Bees are an important of our ecosystem, so why wouldn’t we create special places for them to live in our cities? That’s the course architecture and design firm Snøhetta has taken, creating a honeycomb inspired dwelling that sits atop the Vulkan Bigård project at Mathallen.

Having two intersecting hexagonal volumes to create the form, which were then adjusted in height and width to fit with the needs of the beekeeper. Using a light colored wood with a finish that is honey in tone was also a relationship that we wanted to create and present.

Unfortunately there are no photos of the inside quite yet, I’m guessing because the bees need some time to do their work. Still, it’s nice to see the idea of the beehive transformed into something more eye-catching, and hopefully, getting people to think more about bees and their relationship with us and nature.

Snøhetta - Vulkan Beehive

Snøhetta - Vulkan Beehive

Bobby Solomon

August 25, 2014 / By

Start Out The Week With An Ambient Mix by Deru

Deru

“Put it on as the sun goes down.” That’s the way Deru describes his newest mix which contains a number of unique tracks. Overall the mix is really laid back and mysterious feeling. There’s a lot of ambience to it and you’re never sure where it’s headed. My favorite part is The Acid transitioning into Philip Glass’ “Mishima” score. A mellow way to get the week started out.

00:00 – Random record samples #1
00:48 – Holger Czukay – Floatspace
03:46 – The Haxan Cloak – Excavation, Pt. 2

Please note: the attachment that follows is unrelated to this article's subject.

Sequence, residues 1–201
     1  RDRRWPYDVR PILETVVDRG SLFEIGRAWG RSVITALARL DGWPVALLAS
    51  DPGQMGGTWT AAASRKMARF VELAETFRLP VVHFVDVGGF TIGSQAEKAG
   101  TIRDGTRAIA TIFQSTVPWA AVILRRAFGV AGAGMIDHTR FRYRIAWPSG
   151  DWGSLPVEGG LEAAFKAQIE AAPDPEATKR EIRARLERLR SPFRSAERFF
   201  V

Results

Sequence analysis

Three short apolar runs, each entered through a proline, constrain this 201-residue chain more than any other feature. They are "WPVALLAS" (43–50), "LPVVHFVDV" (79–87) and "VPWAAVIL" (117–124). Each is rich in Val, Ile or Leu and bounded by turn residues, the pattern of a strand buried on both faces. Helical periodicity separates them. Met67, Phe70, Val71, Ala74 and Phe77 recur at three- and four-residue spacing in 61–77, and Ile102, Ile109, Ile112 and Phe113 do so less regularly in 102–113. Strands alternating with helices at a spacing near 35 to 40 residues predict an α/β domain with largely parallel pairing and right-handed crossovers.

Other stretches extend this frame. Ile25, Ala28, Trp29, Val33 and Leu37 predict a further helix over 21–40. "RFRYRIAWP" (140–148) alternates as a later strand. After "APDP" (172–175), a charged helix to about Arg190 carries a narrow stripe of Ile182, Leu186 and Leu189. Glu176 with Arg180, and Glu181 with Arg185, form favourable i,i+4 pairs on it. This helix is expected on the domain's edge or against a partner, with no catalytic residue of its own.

07:15 – Jacaszek – Dare-gale
12:25 – Kyson – You May Have Limited Time
17:18 – Random record samples #2
18:08 – The Acid – Veda
23:00 – Glass & Nyman: Works for Saxophone Quartet – String Quartet No. 3, “Mishima”
24:13 – Drew Gragg – Refraction
26:36 – Julien Neto – Sketch
29:59 – Random record samples #3
31:15 – Alessandro Cortini – Rovine
38:15 – Deru – The Future Never Comes
42:12 – Downliners Sekt – Soul Débris
50:18 – Random record samples #4
53:15 – Alex Banks – All You Could Do (Alternate Version)
57:00 – Mirroring – Fell Sound
1:02:11 – William Basinski – Dlp 1.1

Bobby Solomon

August 25, 2014 / By

Neverclear: Re-Imagining The Worst Alcohol on Earth

Neverclear by Toni Hall

Everclear, an alcohol bottled the American spirits company Luxco, is renowned for it’s deadly alcohol content, 95%, which is basically ethanol, which is commonly mixed with gasoline. University of Wisconsin-Stout student Toni Hall thought that a sexier, less deadly version, might be good for the market, so she created this lovely bottle for her fictional brand, Neverclear.

Neverclear by Toni Hall

A part of her design of the bottle was to simulate the feeling of being intoxicated. To this end she chose a bottle with a diamond shape and printed moire patterns on the back label. The combination then creates a warping effect that’s something akin to knocking a few too many back. A really clever way of utilizing graphics to illustrate a concept.

My only issue is with the logo on the bottle which doesn’t read clearly as Neverclear. It might have been more successful if the A in Clear didn’t have it’s cross bar, this allowing Never to read more clearly. Otherwise I know this bottle would absolutely jump out to me on the shelf, even though I hate vodka.

Neverclear by Toni Hall

Bobby Solomon

August 22, 2014 / By